“We’ve got lots of things Obama claims to be for and we will make –we, the Republicans in the House and Senate—will make him actually make those spending restraints in order to get the continuing resolution out a week, two weeks, a month,” Norquist added.
“Where are the president’s spending cuts?” asks John Boehner. With Republicans coming to grips with their inability to stop taxes on the rich from rising, the center of the debate has turned to the expenditure side. In the short run, the two parties have run into an absurd standoff, where Republicans demand that President Obama produce an offer of higher spending cuts, and Obama replies that Republicans should say what spending cuts they want, and Republicans insist that Obama should try to guess what kind of spending cuts they would like.
Reporters are presenting this as a kind of negotiating problem, based on each side’s desire for the other to stick its neck out first. But it actually reflects a much more fundamental problem than that. Republicans think government spending is huge, but they can’t really identify ways they want to solve that problem, because government spending is not really huge. That is to say, on top of an ideological gulf between the two parties, we have an epistemological gulf. The Republican understanding of government spending is based on hazy, abstract notions that don’t match reality and can’t be translated into a workable program.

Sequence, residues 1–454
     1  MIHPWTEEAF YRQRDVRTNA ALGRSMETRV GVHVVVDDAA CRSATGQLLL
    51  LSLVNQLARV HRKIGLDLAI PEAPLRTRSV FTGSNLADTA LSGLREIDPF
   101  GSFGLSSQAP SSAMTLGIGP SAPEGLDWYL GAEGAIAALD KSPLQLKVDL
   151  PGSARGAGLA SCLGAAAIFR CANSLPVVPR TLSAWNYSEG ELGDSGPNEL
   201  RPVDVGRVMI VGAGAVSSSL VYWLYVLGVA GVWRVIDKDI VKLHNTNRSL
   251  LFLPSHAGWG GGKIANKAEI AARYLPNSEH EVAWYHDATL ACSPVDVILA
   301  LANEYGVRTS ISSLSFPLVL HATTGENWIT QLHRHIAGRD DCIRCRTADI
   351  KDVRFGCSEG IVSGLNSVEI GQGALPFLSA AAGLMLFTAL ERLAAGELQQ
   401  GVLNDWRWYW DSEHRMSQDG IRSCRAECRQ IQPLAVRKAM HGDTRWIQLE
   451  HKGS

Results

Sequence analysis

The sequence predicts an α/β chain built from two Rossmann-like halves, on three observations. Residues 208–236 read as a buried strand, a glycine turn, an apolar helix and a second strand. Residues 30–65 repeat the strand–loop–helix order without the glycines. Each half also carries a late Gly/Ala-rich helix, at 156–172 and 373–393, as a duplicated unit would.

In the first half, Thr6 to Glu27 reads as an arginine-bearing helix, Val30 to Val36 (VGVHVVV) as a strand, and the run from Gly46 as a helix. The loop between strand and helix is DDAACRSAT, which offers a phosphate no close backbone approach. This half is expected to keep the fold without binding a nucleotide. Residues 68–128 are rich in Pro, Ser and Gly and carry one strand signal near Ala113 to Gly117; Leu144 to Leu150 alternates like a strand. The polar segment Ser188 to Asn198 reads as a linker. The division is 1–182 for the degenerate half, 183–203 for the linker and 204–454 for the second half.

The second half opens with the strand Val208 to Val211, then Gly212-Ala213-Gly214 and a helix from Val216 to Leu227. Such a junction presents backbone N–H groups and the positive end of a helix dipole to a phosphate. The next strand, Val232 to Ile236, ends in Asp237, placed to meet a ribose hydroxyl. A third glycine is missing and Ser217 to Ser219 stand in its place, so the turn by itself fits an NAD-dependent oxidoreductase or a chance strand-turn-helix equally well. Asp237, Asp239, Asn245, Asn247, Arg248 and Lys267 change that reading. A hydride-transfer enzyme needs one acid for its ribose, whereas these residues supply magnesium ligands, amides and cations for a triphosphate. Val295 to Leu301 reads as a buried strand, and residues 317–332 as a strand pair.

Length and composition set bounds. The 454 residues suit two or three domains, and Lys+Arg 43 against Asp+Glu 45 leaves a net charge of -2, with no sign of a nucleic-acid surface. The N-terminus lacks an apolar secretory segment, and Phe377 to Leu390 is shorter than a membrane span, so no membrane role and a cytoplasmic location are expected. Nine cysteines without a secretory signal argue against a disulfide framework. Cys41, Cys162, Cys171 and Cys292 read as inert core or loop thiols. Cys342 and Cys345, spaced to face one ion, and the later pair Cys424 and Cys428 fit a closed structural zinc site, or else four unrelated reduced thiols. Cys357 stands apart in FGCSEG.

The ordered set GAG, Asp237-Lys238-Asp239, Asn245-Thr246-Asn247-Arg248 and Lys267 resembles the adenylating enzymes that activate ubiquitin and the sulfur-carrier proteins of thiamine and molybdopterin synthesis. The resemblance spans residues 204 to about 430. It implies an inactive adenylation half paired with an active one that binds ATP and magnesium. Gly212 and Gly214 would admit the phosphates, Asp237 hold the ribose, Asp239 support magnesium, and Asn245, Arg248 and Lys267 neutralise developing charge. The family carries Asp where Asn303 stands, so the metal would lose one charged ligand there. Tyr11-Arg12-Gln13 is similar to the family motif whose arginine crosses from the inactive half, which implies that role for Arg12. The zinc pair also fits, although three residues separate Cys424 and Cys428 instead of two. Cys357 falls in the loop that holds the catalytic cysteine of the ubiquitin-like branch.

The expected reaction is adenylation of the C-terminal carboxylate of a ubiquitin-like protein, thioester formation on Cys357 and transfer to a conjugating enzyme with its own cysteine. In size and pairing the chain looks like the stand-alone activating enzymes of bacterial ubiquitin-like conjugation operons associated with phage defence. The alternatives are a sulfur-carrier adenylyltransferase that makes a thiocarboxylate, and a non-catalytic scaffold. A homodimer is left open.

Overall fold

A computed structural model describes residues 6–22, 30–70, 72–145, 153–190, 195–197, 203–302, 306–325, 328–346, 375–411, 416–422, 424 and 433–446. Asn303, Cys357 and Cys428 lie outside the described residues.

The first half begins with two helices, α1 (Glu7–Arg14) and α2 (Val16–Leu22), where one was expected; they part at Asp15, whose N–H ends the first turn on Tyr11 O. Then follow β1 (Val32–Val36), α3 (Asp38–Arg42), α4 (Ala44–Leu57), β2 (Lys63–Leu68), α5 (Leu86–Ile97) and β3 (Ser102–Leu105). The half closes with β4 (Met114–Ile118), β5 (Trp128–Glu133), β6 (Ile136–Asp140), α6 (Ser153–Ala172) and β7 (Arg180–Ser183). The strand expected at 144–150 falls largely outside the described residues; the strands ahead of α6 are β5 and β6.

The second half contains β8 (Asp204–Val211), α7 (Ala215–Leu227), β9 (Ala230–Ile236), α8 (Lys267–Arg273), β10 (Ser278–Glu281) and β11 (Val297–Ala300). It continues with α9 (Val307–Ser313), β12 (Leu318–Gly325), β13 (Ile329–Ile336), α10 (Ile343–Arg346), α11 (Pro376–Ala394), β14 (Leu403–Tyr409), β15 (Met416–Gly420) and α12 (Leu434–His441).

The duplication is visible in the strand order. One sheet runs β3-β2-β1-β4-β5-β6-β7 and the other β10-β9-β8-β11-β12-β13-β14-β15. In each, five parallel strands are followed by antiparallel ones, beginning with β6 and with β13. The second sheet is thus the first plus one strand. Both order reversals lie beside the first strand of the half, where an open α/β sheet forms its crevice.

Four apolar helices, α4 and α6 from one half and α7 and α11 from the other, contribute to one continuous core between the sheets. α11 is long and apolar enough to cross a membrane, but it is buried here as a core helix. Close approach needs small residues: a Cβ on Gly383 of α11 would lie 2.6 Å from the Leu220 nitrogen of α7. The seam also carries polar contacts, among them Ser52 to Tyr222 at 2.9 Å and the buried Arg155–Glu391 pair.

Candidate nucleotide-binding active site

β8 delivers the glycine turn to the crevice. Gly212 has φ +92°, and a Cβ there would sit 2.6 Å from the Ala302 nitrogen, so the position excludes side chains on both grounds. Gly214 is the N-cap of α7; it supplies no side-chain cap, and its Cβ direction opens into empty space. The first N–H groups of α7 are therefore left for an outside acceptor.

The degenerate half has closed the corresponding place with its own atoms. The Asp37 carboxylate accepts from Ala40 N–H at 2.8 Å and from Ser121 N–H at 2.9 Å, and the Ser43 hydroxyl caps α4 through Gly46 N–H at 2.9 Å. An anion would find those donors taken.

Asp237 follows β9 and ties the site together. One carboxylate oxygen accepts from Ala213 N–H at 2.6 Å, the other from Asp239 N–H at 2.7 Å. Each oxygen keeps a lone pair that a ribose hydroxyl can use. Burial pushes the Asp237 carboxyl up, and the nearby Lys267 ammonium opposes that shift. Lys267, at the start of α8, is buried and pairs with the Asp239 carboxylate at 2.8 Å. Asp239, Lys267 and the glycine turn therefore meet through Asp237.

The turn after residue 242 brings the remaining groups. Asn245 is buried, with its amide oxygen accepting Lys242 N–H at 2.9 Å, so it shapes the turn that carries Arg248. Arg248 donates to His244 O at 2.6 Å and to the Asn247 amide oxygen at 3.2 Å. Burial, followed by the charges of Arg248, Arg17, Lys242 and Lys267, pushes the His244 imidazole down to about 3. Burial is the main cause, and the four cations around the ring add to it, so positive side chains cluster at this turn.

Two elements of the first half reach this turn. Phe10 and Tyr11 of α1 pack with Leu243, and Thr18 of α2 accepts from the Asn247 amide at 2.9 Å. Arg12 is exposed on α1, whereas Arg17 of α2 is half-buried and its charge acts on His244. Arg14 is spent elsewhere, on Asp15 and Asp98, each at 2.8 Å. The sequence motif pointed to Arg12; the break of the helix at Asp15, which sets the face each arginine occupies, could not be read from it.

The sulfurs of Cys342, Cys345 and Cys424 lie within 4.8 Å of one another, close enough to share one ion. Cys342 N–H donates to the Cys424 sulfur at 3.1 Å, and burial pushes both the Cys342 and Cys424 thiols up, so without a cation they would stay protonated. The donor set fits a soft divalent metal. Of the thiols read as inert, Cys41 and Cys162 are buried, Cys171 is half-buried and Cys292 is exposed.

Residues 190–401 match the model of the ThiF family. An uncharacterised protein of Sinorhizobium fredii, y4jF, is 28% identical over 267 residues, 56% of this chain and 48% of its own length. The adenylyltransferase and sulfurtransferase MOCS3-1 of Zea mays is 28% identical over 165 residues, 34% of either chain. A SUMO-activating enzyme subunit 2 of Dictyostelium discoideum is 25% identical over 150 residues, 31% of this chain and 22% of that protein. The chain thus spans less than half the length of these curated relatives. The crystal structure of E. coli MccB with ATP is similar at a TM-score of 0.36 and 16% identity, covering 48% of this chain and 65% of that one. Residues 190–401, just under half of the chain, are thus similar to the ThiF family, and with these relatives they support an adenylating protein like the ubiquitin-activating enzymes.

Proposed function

Let’s unpack this a bit. We all know Republicans want to spend less money. So the construction of the debate appears, on the surface, to be a pretty simple continuum based on policy preferences. Republicans like Mitch McConnell say government spending is “out of control” and would, at least ideally, like to bring it into line with revenue entirely through spending cuts. Democrats like Obama endorse a “balanced” solution with revenue and taxes. Right-thinking centrists, like the CEO community and their publicists like Mike Allen and Jim VandeHei, think we should cut deeply into entitlement spending while also raising tax revenue. (VandeHei, in a video accompanying his execrable story, asserts, “There’s money to be cut everywhere.”)
There really isn’t money to be cut everywhere. The United States spends way less money on social services than do other advanced countries, and even that low figure is inflated by our sky-high health-care prices. The retirement benefits to programs like Social Security are quite meager. Public infrastructure is grossly underfunded.